Virgin Hyperloop releases concept video of the step-by-step passenger journey
The video shows a passenger journey that is “distinct to Virgin Hyperloop”, with decades of expertise from various industries utilised to create the end experience.
Just months after their first passenger testing, Virgin Hyperloop has unveiled its vision for the future hyperloop experience. The newly-released concept video takes the viewer step-by-step through a hyperloop journey, from arriving at the portal to boarding the pod.
“Designing a new mode of transportation from scratch is both an opportunity and a responsibility,” said Sara Luchian, Virgin Hyperloop’s Director of Passenger Experience and one of the first people to ride the hyperloop in November 2020. “Hyperloop technology – and what it enables – is paradigm-shifting. It follows that the passenger experience should be nothing short of extraordinary.”
Virgin Hyperloop worked with world-class partners across disparate industries – including Bjarke Ingels Group (BIG) for the portal designs, Teague for the pod designs, SeeThree for the video and animation and Man Made Music for the score and sonic identity – to design a comprehensive, multi-sensory passenger experience that surpasses that of any other form of mass transit.
“Virgin Hyperloop can accelerate the future of mobility on land. The new mode of travel at supersonic speed rethinks transportation and the perception of space, landscape, time and distance,” said Bjarke Ingels, Founder and Creative Director at the Bjarke Ingels Group. “In this day and age, Virgin Hyperloop taking off from our portals provides holistic, intelligent transportation for a globalised community to travel across vast distances in a safer, cleaner, easier and faster way than airlines.”
Far from a dystopian future where dark colors, stark lighting and screens abound, Virgin Hyperloop’s counter narrative is a more optimistic view of the future: A greener, smoother, safer and more pleasant mass transit experience.
“We leveraged decades of experience in designing how people and things move across various modalities – taking some of the best aspects from aviation, rail, automotive and even hospitality to create a new and better passenger experience that is distinct to Virgin Hyperloop,” said John Barratt, CEO and President of Teague. “Recessed seat wells provide a greater sense of space, while the raised aisle is a touch of the unexpected and unique. Bands of greenery and wood textures subvert the aesthetic of typical mass transit materials with something optimistic and fresh. All lighting in the pod – including the unassuming information displays – are dynamic and adjust based on traveller activity and journey milestones.”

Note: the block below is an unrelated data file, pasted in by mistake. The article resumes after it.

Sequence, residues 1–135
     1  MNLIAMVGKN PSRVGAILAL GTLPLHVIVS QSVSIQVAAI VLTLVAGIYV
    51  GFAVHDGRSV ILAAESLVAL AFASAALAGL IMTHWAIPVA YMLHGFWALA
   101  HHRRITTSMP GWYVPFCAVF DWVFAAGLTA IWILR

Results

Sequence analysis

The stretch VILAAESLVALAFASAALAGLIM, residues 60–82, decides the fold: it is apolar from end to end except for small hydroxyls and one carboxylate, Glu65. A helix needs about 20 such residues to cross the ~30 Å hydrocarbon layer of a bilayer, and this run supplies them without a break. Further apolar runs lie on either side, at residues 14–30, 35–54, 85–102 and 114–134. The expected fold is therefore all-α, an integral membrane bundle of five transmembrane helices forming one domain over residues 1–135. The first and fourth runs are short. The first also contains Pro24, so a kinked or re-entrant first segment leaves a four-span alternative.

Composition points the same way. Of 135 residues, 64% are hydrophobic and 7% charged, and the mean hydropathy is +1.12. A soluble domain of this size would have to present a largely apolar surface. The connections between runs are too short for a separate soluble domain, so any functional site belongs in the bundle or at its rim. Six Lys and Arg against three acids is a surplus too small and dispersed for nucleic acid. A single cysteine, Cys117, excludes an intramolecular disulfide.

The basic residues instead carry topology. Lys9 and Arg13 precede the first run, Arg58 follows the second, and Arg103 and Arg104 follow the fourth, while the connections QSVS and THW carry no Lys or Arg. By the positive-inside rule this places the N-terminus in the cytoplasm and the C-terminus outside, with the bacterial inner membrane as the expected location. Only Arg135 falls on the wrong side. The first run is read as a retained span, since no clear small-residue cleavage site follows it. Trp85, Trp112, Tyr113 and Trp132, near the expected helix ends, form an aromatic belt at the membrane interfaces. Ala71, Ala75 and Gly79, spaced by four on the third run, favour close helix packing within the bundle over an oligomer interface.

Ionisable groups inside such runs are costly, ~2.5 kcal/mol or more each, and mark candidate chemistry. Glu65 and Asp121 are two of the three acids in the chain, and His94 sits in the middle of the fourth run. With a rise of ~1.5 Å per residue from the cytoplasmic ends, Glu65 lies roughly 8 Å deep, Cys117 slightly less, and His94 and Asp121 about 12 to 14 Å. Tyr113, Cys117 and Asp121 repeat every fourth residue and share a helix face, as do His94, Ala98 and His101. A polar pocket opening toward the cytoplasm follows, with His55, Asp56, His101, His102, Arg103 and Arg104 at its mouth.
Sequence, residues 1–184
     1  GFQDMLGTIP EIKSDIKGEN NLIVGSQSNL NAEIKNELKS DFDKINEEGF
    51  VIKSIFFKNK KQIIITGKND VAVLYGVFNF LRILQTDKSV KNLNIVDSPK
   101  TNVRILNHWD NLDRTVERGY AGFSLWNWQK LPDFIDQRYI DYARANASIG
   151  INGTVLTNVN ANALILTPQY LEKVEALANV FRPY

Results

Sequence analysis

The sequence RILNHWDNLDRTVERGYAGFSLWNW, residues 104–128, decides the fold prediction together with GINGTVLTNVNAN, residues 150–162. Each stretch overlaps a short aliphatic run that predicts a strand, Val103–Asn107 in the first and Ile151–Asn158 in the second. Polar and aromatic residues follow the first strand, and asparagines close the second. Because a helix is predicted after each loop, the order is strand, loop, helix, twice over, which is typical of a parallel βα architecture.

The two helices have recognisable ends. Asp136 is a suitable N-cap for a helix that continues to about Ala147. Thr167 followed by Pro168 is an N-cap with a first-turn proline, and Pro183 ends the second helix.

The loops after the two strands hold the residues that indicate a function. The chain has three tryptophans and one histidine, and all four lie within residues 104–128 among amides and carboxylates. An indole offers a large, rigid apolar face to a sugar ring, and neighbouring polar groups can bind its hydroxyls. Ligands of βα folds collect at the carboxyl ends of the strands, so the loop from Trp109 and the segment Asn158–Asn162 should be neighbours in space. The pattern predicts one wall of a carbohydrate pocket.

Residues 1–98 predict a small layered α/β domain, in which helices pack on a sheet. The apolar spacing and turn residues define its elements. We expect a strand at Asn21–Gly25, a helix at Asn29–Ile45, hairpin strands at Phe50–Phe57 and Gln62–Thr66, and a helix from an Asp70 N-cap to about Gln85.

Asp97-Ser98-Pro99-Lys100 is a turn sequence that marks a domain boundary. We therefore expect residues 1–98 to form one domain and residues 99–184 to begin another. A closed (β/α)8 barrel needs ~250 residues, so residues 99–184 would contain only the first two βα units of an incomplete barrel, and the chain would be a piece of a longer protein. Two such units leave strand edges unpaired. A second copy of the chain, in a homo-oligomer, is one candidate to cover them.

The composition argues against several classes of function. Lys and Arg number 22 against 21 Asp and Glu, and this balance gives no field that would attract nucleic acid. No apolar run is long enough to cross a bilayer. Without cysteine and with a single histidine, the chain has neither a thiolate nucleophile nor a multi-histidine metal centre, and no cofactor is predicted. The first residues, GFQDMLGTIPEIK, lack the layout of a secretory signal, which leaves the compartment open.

Beyond the typical touchpoints in transportation, Virgin Hyperloop also researched and incorporated findings from more non-traditional interactions, such as sound.
“Through proprietary research and a design thinking approach to creating sound and sonic solutions for Virgin Hyperloop, Man Made Music was able to address a myriad of potential challenges for this new mode of transportation, from how to evoke a sense of privacy and space to an enhanced sense of safety and calm,” said Joel Beckerman, Founder and Lead Composer at Man Made Music. “We respond to sound quicker than any other sense, so sound actually drives the multi-sensory experiences. The sonic cues of the Virgin Hyperloop identity system serves as a guide for passengers throughout their experience while instilling confidence, safety and clarity – you ‘feel’ it rather than ‘hear’ it. Just like a great movie score, it tells you the story. We know when we’ve got it right when you don’t notice the sound at all: The interface is humanised in ways that are both fresh and familiar.”
A key pillar of Virgin Hyperloop’s passenger experience is accessibility, ensuring that this new form of transportation will expand opportunities for the masses. While ticket prices will vary depending on the exact route, a recent study in Ohio found that hyperloop fares would be more akin to the cost of driving, rather than flying.
“It’s simple. If it’s not affordable, people won’t use it,” said Jay Walder, CEO of Virgin Hyperloop. “Daily high-speed transport is currently not feasible for most people, but we want to change that notion. Imagine being able to commute between cities that are currently hours apart in minutes – and the endless possibilities that opens up.”
On demand and direct to destination, the hyperloop system would be able to transport thousands of passengers per hour, despite the fact that each vehicle carries only about 28 passengers. This high throughput is achieved by convoying, where vehicles are able to travel behind one another in the tube within milliseconds, controlled by Virgin Hyperloop’s machine intelligence software.
Following their successful passenger testing, Virgin Hyperloop is currently paving the way for the regulation and certification of hyperloop systems around the world. The company aims to achieve safety certification by 2025, with commercial operations – such as those depicted in the video above – beginning in 2030.